Consultant recommends Howard County build a second public golf course

Privately owned courses vehemently object, fearing county's will hurt business

July 18, 1999|By Larry Carson | Larry Carson,SUN STAFF

Golf courses are popping up like daisies in the Baltimore-Washington area, but a new Howard County-commissioned consultant's study recommends that the county government build another one.

The $15,000 study by Economics Research Associates of San Francisco provides more ammunition for building a second publicly owned course in Howard County -- an idea that's stirring heated opposition from privately owned, public-access courses near the proposed West Friendship site.

County Executive James N. Robey hasn't publicly stated his preference, though he removed $8 million for the course from the county capital budget earlier this year to await the study.

"I'm leaning," Robey said last week, refusing to commit until he meets with private course owners. County Councilman Allan H. Kittleman, a Republican who represents western Howard, said he wants to study the issue before taking a position, adding, "I don't think government should hurt private business."

County recreation director Gary J. Arthur and leaders of the county's golf advisory committee favor a new course, which they say would provide a lower-cost alternative to private courses and provide more options for students, the disabled and the elderly.

But Waverly Woods Golf Club owner Thomas J. Healy says government shouldn't compete with him. "What's very interesting is that they keep claiming the county needs another golf course to provide this service to their own county, but they expect noncounty residents to play there," Healy said.

The proposed 18-hole course would be built on about 220 acres of county-owned parkland south of Route 144 (Frederick Road), just west of Route 32. The land is part of a 321-acre park site slated to increase by 27 acres after the state Board of Public Works approved $431,500 in project open space money last week to buy it. Howard County opened its first public course, Timbers of Troy in Elkridge, two years ago.

The consultant's report says that although 10 public-access courses have opened in the region in the past four years, including six in Howard, Baltimore and Frederick counties, demand is high enough for a new public course charging $22 to $36 in greens fees for Howard residents and $30 to $38 for others. Although several more new courses are in the works, according to the lengthy report, "the market area is still notably under-supplied with public golf," especially on weekends.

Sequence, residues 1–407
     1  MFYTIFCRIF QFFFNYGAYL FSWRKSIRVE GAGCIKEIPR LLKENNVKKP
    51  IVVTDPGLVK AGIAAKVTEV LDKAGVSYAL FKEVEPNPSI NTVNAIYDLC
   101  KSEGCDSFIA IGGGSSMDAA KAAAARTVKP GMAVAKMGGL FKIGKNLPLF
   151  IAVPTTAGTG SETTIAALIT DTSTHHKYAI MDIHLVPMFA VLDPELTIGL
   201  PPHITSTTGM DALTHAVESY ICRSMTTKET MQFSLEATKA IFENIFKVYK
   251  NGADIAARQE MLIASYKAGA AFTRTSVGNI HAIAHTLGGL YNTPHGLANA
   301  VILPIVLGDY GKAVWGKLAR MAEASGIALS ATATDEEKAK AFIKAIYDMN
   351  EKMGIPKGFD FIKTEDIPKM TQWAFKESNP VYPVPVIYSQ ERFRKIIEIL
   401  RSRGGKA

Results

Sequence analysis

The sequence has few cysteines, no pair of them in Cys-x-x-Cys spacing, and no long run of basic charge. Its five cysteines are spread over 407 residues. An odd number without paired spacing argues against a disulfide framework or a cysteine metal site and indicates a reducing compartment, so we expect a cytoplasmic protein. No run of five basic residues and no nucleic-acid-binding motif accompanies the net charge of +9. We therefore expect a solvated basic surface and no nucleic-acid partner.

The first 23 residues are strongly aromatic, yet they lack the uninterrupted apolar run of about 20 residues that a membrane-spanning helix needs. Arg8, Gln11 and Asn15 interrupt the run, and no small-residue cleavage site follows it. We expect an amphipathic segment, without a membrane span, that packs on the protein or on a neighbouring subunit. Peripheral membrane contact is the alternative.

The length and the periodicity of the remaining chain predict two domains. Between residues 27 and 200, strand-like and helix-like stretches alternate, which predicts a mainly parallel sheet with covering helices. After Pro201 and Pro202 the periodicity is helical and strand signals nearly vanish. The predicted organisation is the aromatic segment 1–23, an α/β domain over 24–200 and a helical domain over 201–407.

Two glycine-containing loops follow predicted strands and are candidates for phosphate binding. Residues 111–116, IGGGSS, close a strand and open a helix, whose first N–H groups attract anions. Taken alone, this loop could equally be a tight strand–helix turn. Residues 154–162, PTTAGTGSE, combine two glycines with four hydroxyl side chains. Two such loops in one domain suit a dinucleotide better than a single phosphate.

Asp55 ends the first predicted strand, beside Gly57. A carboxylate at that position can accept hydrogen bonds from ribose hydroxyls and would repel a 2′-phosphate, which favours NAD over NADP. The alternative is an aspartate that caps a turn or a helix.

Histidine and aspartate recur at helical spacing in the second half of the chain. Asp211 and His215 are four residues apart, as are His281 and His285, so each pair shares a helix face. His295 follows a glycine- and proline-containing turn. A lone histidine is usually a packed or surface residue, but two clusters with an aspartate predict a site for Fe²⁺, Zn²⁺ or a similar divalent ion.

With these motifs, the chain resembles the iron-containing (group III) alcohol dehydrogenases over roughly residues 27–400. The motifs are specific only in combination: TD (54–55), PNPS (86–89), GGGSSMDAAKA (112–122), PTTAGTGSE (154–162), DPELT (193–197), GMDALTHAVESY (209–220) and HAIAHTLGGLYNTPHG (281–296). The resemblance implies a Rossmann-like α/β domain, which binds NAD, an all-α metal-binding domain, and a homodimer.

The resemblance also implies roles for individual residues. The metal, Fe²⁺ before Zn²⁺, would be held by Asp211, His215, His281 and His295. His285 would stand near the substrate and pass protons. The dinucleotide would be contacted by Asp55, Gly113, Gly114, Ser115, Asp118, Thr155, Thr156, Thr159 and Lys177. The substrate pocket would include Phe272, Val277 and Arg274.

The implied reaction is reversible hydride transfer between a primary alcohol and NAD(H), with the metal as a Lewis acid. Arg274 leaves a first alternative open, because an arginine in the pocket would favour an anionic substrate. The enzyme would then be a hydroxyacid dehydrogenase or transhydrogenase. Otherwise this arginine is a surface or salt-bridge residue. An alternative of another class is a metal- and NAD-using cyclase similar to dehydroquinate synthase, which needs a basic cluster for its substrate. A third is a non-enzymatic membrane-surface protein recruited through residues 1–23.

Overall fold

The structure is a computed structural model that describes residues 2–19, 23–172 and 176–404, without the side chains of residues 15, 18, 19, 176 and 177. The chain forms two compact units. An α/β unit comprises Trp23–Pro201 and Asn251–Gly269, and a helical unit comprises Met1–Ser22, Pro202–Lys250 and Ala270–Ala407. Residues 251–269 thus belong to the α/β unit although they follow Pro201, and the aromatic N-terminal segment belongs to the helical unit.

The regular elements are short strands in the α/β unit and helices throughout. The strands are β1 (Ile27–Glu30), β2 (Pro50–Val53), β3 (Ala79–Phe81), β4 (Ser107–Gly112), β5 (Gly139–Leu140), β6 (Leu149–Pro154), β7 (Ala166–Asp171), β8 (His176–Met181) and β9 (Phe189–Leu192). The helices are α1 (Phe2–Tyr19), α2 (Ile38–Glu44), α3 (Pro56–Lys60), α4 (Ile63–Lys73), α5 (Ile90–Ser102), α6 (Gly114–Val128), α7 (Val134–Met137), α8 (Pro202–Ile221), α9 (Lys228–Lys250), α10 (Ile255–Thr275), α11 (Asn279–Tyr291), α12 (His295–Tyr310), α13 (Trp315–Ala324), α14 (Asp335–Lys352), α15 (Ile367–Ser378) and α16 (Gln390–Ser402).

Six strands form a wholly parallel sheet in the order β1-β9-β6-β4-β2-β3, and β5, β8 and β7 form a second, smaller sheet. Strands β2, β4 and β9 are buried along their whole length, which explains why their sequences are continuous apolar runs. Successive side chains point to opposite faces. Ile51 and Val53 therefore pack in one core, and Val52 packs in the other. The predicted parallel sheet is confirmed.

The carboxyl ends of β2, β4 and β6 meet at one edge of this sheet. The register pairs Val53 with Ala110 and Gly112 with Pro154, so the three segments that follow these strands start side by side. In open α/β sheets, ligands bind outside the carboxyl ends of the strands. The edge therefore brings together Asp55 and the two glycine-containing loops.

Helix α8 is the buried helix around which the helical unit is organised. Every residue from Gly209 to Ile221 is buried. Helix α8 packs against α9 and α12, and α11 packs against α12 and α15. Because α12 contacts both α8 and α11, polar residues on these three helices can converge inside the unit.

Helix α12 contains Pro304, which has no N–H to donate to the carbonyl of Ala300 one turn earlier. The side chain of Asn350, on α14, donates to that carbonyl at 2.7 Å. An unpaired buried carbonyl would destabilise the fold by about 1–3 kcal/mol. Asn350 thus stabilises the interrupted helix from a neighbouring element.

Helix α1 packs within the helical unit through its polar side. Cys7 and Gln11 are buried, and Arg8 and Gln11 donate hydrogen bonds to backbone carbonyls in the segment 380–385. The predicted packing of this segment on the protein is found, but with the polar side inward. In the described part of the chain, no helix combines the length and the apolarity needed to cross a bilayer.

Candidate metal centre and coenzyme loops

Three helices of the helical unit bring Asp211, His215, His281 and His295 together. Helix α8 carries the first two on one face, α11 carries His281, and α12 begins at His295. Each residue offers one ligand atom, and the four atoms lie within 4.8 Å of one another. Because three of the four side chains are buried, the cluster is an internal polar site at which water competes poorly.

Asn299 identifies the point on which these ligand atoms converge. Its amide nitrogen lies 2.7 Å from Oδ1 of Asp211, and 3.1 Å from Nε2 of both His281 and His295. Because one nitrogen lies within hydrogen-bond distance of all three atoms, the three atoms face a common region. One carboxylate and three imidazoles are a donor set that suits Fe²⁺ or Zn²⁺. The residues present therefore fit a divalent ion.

According to the consultant, "the region's supply of public-access golf courses has grown at a blistering pace," noting that fees at the new courses range from $30 to $60, compared with $10 to $22 at older courses such as Forest Park in Baltimore or Diamond Ridge in Woodlawn.

A new course could prosper despite its "remote" location, the report says, if it is "aggressively marketed" and offers fees that fall between those of the most expensive, newer courses and rates at the oldest, cheapest ones. Estimates are that 55 percent of players at the new course would be Howard residents.

Some advocates for a new course want fees in the $15 to $16 range, prices that Robey and others say are unrealistic. .

"You can't compare a course being built nowadays to one built in Baltimore 50 or 75 years ago," said Donald J. Dunn, chairman of the Howard County Government Golf Advisory Committee. Despite the prices, "the demand is overwhelming," he said, adding that private owners' complaints are the same as those that were made about Timbers, which he said proved groundless.

Robert Rutan, a six-year member of Dunn's committee who left in March, said fees should be less than $20 for a new course. "They're out of their cotton-picking minds. I won't play on it," he said about the consultant's proposed fees. The county should build a bare-bones course for $6 million, he said, and keep fees low.

Owners of the private courses nearby vehemently protest, saying a county-owned course will hurt their business.

"They'll drive us out of business," said Thomas C. Beach, owner of Willow Springs, less than a mile from the West Friendship site. "They got paid to say we need another course," Beach said of the consultants.

He and Nicholas B. Mangione Sr., who with his 10 children owns three courses at Turf Valley near West Friendship, say it's not right for government to compete with them.

"My position is that the county doesn't belong in the business of private enterprise," Beach said, vowing to start a public referendum campaign to defeat a new course proposal.

Mangione said usage is down more than 20 percent at his courses, where a golfer can play for $15 after paying a $500 "B" membership fee. "Timbers pays no property tax. It's not fair," he said. Because public courses pay no property taxes -- and because taxpayers must foot the bill for advertising -- the facilities are subsidized by the public, Beach and Mangione say.

Arthur and Robey said Timbers of Troy is generating enough income to pay off the $10.2 million in 20-year bonds sold to finance it, and the money is not coming from taxpayers.

"We're going to go up there [to see Robey] and provide a unified front," Mangione said about himself, Beach and the owners of nearby Waverly Woods Golf Club.

Pub Date: 7/18/99

Baltimore Sun Articles
Please note the green-lined linked article text has been applied commercially without any involvement from our newsroom editors, reporters or any other editorial staff.